1. See Goðafoss – waterfall of the Gods
Also known as waterfall of the Gods, this is one of the prettiest waterfalls in North Iceland and dare I say, Europe. For photo opportunities it’s definitely worth crossing Skjálfandafljót River and walking to each side of the horse-shoe waterfall to get different perspectives.
2. Visit Dettifoss – Europe’s most powerful waterfall
To experience the wrath of Mother Nature go to Dettifoss. Believed to be the most powerful waterfall in the whole of Europe with a colossal 500 cubic meters of water falling each second! So powerful, you can feel the ground shake as you get closer and hear the velocity of water crashing into an earth-shattering abyss. Easily one of Iceland’s most extraordinary natural attractions, Dettifoss was famously immortalised in the opening scene of Ridley Scott’s 2012 film, Prometheus.
3. See the Rock Formations at Dimmuborgir
A world of its own; a park filled with bizarre lava formations. Dimmuborgir has inspired much Icelandic folklore, it is believed this is where the earth connects with the infernal regions. If there’s one place where you’re going to believe elves exist, it’s going to be here!
4. Hverir Geothermal Area
There’s a high chance that you’ll smell this place before you even see it, for this is a high temperature geothermal area emitting a strong bouquet of rotten eggs! You’ll be amazed at huge bubbling mud pools, fumaroles and sticky red soil. This is easily one of my favourite places in North Iceland.
5. Hike up Hverfell
This volcano can be seen from miles away: broad, conical, black and shaped in a cone. Hverfell demands attention in an otherwise flat landscape. Formed around 2500 years ago when Hverfell erupted over the Myvatn region, you have the opportunity to take the short hike to the top of the crater for 360 degree views of the surrounding area.
6. Climb inside Grjótagjá lava cave
Entering through a crack in the ground, stop off at Grjótagjá lava cave for a few minutes to climb down into this low-ceiling tunnel harbouring a clear-blue steaming pool. If you’re here in the winter grab your swimwear, however, the pool is too hot to jump into during the summer – so enter with caution!
7. Viti Crater
Icelanders have a favourite word for gaping craters that blast out millions of tons of volcanic debris – víti, meaning hell. Translating to Hell’s crater, this explosion crater formed in 1734 by a massive eruption in the Krafla volcano. It became known as Myvatnseldar and lasted for five years.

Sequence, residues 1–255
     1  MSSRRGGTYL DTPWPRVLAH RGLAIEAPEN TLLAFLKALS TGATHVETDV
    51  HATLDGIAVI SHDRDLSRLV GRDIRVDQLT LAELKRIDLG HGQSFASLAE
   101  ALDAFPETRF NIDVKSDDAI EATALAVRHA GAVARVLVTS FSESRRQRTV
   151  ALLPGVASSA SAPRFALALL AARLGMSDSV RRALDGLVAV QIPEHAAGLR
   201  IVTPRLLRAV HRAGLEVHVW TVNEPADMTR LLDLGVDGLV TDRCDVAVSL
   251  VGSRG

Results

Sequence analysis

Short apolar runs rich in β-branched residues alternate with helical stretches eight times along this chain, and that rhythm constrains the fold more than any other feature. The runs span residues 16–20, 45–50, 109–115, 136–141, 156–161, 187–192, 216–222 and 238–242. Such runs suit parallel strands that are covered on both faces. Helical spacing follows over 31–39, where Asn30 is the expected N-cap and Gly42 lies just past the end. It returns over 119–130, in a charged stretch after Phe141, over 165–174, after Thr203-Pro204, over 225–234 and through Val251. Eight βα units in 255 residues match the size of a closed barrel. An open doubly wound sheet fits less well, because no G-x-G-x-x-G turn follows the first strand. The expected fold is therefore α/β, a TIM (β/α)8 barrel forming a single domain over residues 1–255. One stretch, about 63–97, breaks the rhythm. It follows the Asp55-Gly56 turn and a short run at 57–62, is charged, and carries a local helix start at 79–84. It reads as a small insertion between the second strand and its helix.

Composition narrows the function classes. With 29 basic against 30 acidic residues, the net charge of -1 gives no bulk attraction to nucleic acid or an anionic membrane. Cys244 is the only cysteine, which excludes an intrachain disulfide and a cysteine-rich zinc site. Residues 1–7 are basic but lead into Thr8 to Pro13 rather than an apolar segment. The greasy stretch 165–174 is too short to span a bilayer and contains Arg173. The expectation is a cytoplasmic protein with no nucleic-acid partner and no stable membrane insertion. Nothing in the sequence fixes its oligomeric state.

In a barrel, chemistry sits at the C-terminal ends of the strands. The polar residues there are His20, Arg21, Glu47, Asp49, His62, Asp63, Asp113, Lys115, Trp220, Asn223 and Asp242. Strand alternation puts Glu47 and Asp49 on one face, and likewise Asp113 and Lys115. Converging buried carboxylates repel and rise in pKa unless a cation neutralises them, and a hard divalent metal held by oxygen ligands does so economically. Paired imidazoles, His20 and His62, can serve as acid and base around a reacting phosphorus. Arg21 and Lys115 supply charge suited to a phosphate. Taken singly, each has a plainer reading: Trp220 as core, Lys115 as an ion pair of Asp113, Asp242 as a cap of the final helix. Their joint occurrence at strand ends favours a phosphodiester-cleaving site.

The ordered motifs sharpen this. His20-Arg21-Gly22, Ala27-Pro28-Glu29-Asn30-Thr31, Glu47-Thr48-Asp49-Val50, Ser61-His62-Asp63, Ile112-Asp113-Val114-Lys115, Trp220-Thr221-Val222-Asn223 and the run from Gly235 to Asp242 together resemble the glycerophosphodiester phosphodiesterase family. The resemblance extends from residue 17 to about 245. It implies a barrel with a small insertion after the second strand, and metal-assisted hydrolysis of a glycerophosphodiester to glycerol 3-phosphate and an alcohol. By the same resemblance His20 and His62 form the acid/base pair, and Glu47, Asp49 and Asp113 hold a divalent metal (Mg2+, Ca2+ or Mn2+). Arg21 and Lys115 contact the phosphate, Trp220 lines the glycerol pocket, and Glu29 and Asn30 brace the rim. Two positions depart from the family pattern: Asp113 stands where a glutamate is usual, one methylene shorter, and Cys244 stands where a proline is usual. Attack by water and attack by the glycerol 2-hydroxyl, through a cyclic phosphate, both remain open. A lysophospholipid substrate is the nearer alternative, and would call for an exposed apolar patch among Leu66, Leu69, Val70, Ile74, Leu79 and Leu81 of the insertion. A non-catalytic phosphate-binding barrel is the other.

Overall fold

8. Explore the Skutustadir pseudo craters
Iceland is often compared to Mars and this is one reason why. Scientific interest in these pseudo craters increased after the discovery of the Athabasca Valles region of Mars, where lava flows superheated groundwater in the underlying rocks. These pseudo craters are among the largest and most beautifully shaped on Earth making here an ideal setting for some scenic hiking, but you’ll also be joined by midges that feed from the lake – you’ve been warned!
9. Soak in Myvatn Nature Baths
Imagine the Blue Lagoon on a smaller scale and with only a fraction of the people (and price) and Myvatn Nature Baths will come to mind. After a day of hiking up volcanoes and traversing lava fields you’ll deserve it.
10. See basalt rocks at Hofsos
This tiny fishing port with a population of only 200 people is home to stunning coastal views. Most visitors come here to soak in a pool overlooking the ocean, but the real attraction is the huge expanse of basalt columns stretching all along the coastline. Surprisingly, very little has been written about these basalt columns so I want to get the message out – don’t miss this natural wonder!
11. Grettislaug hot pool
Nearby Hofsos you’ll discover Gettislaug hot pools which overlooks a huge fjord. Now located on private land, there’s an entrance fee of approx £3.50 and you can soak in the hot pools for as long as you like. They are several pools to jump between and there’s a very good chance of having this place to yourself when you’re travelling out of season.
12. The Pretty Fishing Village of Siglufjordur
The small yet perfectly formed village of Siglufjordur was once nicknamed ‘Herring Town’ due to its abundance of herring which made the water look silver. The golden age of herring lasted just over 100 years, from 1867 to 1968, leading to an economic boom which Siglufjordrur was at the centre of. Once upon a time, the herring from this one town alone provided more than 20% of the country’s total export income.